Preparation of recombinant caspase-3 precursors
E. coli BL21 Rosetta cells (Novagen) containing the specified expression plasmids were grown at 37°C in LB medium until an A600 of 0.6–0.8. Engineered caspase-3 precursors were expressed by adding 1 mM IPTG at 18°C for 18 h. Cells were harvested, washed with buffer A (50 mM Tris pH 7.5, 250 mM NaCl, 5% glycerol, and 0.05% β-mercaptoethanol), and lysed by ultrasonication. After centrifugation (29,820 g for 30 min), the supernatant was incubated with a cobalt affinity resin (TALON®, Clontech) on a rocker at 4°C for 1 h, and washed with buffer A containing 10 mM imidazole. Proteins were eluted from the metal affinity resin with buffer A supplemented with 100 mM imidazole. Following dialysis against 20 mM Tris, pH 7.5, 250 mM NaCl, 5% glycerol, and 1 mM dithiothreitol, caspase-3 precursors were concentrated to 2 mg/ml and stored at -80°C.
Activation of caspase-3 precursors by thrombin
Caspase-3 precursors were activated by digestion with bovine thrombin. Briefly, 100 μg of each precursor protein was incubated with 1 NIH unit of thrombin in 50 mM Tris, pH 7.5, 250 mM NaCl, 5% glycerol, 0.05% β-mercaptoethanol, 3 mM CaCl2 at 4°C. Digestion was performed for 18 h, and monitored by 15% SDS-PAGE.
Treatment of caspase-3 precursors with wild-type caspase-3
Caspase-3 precursors were treated with wild-type caspase-3 to test autocleavage during activation. Briefly, 100 μg of each precursor protein was incubated with 1 μg of wild-type caspase-3 in 50 mM Tris, pH 7.5, 250 mM NaCl, 5% glycerol, 0.05% β-mercaptoethanol, and 5 mM DTT at RT. Cleavage was performed for 18 h, and monitored by 15% SDS-PAGE.
Determination of caspase-3 activity and kinetic constants
The activity of each caspase-3 protein was measured using the colorimetric substrate, Ac-DEVD-pNA. Briefly, caspase-3 was activated in reaction buffer (50 mM HEPES, pH 7.4, 50 mM KCl, 2 mM MgCl2, 1 mM EDTA, and 5 mM dithiothreitol) for 18 h before use. The appropriate amount of activated caspase-3 (final concentrations of 10–80 nM) was added to the substrate solution at a series of final concentrations (0, 12.5, 25, 50, 100 and 200 μM). The p-nitroanilide released by the caspase reaction was monitored at 405 nm using a DU 800 UV-VIS Spectrophotometer (Beckman Coulter). Km and Vmax values were obtained using Hyper32 version 1.0.0 http://homepage.ntlworld.com/john.easterby/hyper32.html, and kcat values calculated from Vmax and the used enzyme concentration.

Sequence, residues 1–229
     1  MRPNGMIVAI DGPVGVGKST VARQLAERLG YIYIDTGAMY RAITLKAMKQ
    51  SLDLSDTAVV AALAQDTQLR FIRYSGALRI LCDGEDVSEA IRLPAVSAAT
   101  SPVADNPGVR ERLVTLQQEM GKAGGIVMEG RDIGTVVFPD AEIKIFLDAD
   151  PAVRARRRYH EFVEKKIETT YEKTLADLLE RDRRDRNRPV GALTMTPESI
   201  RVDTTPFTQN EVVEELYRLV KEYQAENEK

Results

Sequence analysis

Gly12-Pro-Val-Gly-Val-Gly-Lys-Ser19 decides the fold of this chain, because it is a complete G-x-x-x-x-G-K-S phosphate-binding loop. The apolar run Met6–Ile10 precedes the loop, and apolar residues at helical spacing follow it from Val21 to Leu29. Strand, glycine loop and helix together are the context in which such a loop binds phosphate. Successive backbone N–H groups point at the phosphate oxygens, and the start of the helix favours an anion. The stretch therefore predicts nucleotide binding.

Cleavage of endogenous PARP by engineered caspases
Human promyelocytic leukemia HL60 cells were cultured in RPMI. If necessary, apoptosis was induced by treatment of the cells with 100 μM etoposide for 12 h. Cell lysates (60 μg) were incubated with engineered caspases at 37°C for 2 h. Then, the cleavage of endogenous PARP was determined by immunoblot analysis with an anti-PARP antibody. For negative control, cell lysates treated together with engineered caspases and z-DEVD-fmk were used [26, 27].
This work was supported by the R&D Program for Fusion Strategy of Advanced Technologies (MKE), the Bio-signal Analysis Technology Innovation Program (M10645010003-06N4501-00310) of the Ministry of Education, Science and Technology (MEST), and the Korea Science and Engineering Foundation (KOSEF).